I don't like meetings for just that reason. At almost fifty, I am unable to keep my mouth shut when a very clear answer to problems (usually financial in nature) surface. And don't they always surface? So that's when I find myself in these mad-scramble situations like I faced last week.
You simply must "give back" and I try to live by the "to whom much is given, much is expected" creed. My personal exception to this is with regard to family members because they can get on your last nerve. More so than say total strangers or acquaintances. (I think this acceptance or intolerance might link back to why mothers of some species eat their young, yet live fairly harmonious lives within the confines of their social groups.)
I wouldn't say I've been given the lottery in my life, but I do feel I have god-given talents that make me the perfect victim for these sort of event planning/fundraising milestones. All in all--we had a very successful day. Made lots of money, everyone was polite (well, there are always those folks who, having possibly never attended a silent auction before--think it's okay to place a one dollar bid on something we clearly have listed as a "minimum bid of like twenty dollars"). Ah, people. They are such work sometimes.
So now it's back to the drawing board. I want to quilt some more. I love it! Time flies so I know it is something I truly love doing. And it is sort of like painting. With my second quilt I ended up going in a direction I had not even remotely planned. But that's what I loved about the "journey"--and quilting is all about the journey. My quilt found a new home with, thankfully, my auction chair friend for her going-into-fifth-grade daughter who just loved it--that made the whole process TOTALLY worth it! It melted my heart to tell the truth.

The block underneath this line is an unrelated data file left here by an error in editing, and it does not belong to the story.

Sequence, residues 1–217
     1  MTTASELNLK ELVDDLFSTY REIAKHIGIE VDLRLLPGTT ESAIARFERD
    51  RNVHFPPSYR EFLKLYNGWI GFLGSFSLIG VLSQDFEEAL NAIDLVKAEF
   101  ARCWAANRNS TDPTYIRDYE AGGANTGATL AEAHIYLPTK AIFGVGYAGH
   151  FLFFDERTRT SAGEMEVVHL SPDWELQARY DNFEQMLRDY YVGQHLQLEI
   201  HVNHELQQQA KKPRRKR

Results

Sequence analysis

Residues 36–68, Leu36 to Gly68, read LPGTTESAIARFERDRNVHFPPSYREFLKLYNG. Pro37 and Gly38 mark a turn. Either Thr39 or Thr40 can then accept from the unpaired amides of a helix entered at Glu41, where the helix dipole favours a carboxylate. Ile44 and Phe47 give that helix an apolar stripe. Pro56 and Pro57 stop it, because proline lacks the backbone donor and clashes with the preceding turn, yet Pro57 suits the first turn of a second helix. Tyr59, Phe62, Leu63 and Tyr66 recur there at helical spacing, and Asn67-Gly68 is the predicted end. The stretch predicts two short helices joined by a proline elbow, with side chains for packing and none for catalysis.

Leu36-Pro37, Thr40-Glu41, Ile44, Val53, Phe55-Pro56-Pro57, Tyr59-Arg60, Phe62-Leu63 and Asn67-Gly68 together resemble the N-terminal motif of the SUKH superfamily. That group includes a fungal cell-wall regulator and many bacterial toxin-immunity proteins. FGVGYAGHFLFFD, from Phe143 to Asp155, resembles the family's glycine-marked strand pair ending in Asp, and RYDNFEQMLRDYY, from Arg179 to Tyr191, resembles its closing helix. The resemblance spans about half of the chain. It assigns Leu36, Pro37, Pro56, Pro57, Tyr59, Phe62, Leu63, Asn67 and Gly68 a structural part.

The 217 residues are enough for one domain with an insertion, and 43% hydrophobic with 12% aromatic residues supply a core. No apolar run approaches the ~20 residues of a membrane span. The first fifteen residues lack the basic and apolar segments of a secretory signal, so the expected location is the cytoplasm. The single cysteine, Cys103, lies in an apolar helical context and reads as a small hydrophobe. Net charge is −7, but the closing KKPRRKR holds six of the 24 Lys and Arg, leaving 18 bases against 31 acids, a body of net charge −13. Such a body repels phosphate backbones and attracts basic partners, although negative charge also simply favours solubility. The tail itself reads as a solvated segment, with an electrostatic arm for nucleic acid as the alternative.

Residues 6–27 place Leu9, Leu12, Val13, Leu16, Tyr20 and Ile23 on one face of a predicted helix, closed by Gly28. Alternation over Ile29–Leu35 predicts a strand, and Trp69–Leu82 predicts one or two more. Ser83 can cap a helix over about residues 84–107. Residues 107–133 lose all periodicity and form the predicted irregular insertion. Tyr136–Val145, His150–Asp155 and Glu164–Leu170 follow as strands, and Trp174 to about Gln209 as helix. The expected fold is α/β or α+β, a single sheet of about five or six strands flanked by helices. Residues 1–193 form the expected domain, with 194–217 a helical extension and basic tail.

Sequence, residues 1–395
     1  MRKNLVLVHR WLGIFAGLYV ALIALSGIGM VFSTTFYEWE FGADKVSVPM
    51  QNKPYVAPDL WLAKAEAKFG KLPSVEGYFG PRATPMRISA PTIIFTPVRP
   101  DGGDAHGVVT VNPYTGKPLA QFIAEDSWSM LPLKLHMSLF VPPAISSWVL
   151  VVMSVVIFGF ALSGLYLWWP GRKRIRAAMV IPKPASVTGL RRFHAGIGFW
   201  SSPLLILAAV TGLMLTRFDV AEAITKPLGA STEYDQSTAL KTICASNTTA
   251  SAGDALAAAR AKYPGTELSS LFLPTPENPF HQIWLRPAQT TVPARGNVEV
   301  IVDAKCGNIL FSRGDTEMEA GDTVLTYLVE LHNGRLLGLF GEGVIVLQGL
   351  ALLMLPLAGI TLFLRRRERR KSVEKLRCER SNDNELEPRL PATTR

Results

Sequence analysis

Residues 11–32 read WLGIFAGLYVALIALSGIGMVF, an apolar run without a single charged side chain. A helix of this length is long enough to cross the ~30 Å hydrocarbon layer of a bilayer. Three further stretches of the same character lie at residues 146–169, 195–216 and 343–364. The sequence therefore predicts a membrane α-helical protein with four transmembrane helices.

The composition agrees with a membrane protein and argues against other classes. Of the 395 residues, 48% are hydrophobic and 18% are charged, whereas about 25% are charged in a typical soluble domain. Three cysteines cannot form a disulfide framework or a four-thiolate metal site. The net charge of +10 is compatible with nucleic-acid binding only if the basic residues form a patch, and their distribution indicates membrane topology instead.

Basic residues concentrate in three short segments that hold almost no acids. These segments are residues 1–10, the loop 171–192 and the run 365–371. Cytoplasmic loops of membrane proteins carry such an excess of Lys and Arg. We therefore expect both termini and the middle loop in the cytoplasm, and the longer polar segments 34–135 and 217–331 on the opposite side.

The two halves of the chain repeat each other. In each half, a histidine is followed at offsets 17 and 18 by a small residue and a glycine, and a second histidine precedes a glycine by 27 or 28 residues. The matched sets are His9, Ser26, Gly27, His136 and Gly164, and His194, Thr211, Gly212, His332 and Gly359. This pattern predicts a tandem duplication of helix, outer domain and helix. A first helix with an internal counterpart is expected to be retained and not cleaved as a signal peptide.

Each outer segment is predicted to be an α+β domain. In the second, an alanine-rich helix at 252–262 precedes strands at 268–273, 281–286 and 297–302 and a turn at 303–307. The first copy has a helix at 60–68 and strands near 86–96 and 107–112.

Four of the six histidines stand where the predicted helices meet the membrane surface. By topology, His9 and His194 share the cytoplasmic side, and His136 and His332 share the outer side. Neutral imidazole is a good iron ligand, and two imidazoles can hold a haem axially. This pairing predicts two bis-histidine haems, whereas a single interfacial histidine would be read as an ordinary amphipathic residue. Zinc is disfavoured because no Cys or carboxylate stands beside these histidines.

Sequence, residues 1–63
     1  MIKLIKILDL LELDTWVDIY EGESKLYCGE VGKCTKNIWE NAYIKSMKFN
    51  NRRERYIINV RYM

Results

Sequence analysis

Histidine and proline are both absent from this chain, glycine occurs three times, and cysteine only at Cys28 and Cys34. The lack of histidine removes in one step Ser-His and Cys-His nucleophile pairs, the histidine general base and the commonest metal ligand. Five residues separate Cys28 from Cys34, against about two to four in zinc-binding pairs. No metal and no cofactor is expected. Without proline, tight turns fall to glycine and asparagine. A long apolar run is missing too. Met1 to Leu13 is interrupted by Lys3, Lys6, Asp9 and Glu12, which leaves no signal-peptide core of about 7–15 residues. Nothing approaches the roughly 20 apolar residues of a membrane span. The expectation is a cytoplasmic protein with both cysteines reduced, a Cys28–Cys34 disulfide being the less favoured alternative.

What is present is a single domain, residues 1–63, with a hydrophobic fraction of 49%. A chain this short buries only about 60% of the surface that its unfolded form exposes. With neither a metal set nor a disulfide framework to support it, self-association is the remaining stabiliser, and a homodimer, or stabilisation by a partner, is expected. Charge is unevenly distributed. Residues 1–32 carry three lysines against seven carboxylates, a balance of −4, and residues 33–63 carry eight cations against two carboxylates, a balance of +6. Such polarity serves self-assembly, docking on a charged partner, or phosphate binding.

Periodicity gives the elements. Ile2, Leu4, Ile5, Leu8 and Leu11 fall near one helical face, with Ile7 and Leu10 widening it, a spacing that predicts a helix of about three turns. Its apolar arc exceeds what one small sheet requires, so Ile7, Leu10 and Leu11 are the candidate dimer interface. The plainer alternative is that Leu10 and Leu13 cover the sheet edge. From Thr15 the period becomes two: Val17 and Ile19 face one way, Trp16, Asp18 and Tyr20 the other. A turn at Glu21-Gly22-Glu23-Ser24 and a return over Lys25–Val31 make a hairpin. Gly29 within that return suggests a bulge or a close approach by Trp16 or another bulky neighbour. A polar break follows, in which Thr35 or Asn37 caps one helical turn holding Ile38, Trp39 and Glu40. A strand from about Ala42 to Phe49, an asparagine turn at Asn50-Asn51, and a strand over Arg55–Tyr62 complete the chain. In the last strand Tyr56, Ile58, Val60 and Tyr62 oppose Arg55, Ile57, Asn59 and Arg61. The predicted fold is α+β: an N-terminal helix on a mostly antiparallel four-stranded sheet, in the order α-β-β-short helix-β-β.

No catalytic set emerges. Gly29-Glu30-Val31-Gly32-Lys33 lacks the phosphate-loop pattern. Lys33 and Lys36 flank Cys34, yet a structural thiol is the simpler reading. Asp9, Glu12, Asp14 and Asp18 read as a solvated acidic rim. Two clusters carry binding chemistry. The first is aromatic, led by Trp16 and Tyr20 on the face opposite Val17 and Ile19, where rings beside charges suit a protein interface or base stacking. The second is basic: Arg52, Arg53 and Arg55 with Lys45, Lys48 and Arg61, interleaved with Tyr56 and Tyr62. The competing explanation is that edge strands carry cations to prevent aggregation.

Quilting is a really nice break from my knitting and. . . well, gardening has totally taken a back seat for now. Ewww. Heat. Bugs. Heat. Bugs. Then downpours of rain. More humidity. My vegetables all look great however. So I am expecting some serious veggie popping to happen any day now. Fingers stay crossed for this.
I am in my third week of my "beginning sewing class" in which a darling little jewel of an apron will be completed. As we take baby steps to get to this however, last week's class consisted of stitching up this hideous pillow case with embroidery around the edges. I screwed mine up so bad, my seams were so crooked. The instructor gave me several "looks" during my aggressive sewing. I chalk my lack of attention-to-detail for the silly waste-of-time as a release from my quilting frustration. So I guess I won't be getting Sewing Class Student of The Month, but I will be coming home more relaxed after Samurai sewing.
I hope my directions scattered below the frittata photos suffice (in case anyone's interested in trying the recipe out). The dish was really, really good. And I had it for lunch the next day--totally yummy. Does it fit into my Eat to Live plan? But of course! It has cabbage in it!